New UCOR director details changes

Courtesy of the Office of Marketing and Communications
Courtesy of the Office of Marketing and Communications Darlene Weaver, a professor of theology, is the new core curriculum director.
Courtesy of the Office of Marketing and Communications

Darlene Weaver, a professor of theology, is the new core curriculum director.

Hallie Lauer | Staff Writer

Duquesne’s core curriculum is getting a makeover.

The university’s core (UCOR) classes will be getting some new changes, thanks to new Core Curriculum Director Darlene Weaver.

“[There are] no major overhauls or things like that, but ways to tweak the core [curriculum] in order to help students complete their requirements,” said Weaver, who was hired at the beginning of July.

The main goal of Weaver and a review committee newly implemented this semester is to create a more open communication system between students and their advisors, making it easier for students to schedule for the next semester.

“We’re currently making sure that there’s consistency between the guides that advisors get about courses that meet core requirements and the list of attributes that the registrar office has,” Weaver said. “We want to iron out any discrepancies.”

Weaver said she wants to create a liaison board to facilitate communication between her and Duquesne students.

“I’d like to create a student liaison board, so that there can be opportunities at least once a semester for me to hear from students about all sorts of things,” Weaver said. “That kind of student outreach, I think, is really important,” Weaver said.

Weaver is working alongside Cheryl Knoch, Duquesne’s assistant vice president for student involvement, to create the board. The goal is to hear suggestions and concerns from the board and then use those to help improve students’ experiences with UCOR.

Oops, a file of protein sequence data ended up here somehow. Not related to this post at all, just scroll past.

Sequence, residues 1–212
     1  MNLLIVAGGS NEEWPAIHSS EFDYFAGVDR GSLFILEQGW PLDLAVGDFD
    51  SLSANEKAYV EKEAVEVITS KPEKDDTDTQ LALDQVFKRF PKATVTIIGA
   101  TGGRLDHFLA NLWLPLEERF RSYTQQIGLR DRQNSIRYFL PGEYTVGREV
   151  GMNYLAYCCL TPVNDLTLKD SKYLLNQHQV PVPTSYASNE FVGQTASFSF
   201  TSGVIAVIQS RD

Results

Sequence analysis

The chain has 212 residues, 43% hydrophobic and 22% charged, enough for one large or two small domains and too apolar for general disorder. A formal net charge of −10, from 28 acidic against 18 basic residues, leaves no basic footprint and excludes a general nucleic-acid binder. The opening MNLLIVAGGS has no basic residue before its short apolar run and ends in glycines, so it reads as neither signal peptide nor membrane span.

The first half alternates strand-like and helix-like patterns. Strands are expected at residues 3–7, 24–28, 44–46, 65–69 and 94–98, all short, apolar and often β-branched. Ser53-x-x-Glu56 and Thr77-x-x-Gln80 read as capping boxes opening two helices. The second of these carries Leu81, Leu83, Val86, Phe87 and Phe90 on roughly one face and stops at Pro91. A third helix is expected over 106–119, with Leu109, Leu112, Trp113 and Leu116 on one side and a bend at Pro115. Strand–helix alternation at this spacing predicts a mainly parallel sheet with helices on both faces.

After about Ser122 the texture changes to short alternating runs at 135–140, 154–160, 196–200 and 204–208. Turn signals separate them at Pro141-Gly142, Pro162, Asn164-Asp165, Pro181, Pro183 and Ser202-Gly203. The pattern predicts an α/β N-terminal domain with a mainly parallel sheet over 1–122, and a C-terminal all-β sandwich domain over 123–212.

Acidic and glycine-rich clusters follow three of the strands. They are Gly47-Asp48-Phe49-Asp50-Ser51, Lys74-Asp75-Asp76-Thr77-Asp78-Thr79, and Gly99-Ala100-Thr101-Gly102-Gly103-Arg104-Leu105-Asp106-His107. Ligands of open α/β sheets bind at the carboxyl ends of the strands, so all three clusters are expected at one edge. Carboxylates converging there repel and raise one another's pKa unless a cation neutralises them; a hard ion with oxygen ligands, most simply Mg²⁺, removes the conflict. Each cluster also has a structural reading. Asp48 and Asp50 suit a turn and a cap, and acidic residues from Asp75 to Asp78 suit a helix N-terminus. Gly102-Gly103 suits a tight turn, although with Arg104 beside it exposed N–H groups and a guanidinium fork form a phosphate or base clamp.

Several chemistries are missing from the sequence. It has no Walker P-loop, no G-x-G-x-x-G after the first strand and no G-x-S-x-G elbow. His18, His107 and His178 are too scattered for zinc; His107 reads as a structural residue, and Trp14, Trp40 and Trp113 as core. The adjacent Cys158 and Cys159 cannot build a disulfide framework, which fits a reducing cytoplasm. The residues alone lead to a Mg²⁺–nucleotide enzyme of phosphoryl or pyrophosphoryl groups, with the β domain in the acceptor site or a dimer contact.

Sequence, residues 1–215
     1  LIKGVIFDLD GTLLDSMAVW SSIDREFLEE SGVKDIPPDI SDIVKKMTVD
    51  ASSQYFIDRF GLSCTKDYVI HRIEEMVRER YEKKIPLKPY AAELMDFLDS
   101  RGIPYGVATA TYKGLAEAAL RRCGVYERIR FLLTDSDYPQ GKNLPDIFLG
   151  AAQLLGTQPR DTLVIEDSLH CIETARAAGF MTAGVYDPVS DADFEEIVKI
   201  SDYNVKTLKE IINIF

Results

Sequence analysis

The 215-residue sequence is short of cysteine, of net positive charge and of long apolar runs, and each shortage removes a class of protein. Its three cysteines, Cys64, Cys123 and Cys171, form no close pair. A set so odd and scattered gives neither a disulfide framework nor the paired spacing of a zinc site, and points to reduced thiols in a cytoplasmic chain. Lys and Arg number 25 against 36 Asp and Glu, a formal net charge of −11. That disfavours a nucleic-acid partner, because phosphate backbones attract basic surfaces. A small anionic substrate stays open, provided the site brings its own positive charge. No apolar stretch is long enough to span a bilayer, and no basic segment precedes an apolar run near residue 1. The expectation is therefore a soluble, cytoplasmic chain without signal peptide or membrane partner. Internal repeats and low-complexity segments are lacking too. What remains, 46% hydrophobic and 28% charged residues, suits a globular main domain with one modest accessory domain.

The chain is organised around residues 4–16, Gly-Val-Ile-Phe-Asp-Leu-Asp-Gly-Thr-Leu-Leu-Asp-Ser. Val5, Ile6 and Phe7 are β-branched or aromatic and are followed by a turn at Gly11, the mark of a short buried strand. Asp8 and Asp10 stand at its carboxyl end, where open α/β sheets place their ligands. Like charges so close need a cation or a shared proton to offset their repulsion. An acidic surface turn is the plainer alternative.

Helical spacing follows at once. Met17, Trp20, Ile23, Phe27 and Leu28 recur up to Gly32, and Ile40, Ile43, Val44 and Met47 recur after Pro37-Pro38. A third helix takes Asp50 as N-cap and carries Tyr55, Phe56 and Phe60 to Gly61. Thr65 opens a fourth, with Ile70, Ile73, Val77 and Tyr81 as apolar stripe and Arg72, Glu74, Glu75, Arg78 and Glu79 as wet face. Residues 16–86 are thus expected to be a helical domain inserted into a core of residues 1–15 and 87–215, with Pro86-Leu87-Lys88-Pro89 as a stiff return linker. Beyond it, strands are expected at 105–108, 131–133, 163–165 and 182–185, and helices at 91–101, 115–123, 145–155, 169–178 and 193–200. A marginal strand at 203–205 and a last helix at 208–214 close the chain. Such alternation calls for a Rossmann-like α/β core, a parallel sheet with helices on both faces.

In addition to making sure everyone is on the same page on what classes meet which requirements, Weaver wants to help students and advisors have “efficient as well as constructive” conversations.

To do that, she wants students to be able to more easily track their progress in meeting core requirements.

Weaver also emphasized that students can search for their core classes on DORI by attribute during pre-registration, as opposed to going through each department looking for classes.

Another change being made is the addition of student web pages on the core curriculum web page on Duquesne’s website. These pages will contain a list of courses that have core attributes, according to Weaver. This will make is easier for students to find specific core classes, Weaver said. The webpage will be updated regularly.

The main goal of theses changes is to improve communication with students and to portray the value of UCOR classes.

“I think too often the core curriculum is perceived as a set of boxes to check off or hoops to jump through, but it’s actually so much more than that,” Weaver said. “It’s a really valuable component of the undergraduate education our students receive . It provides the sort of intellectual formation and skill development that employers are really looking for.”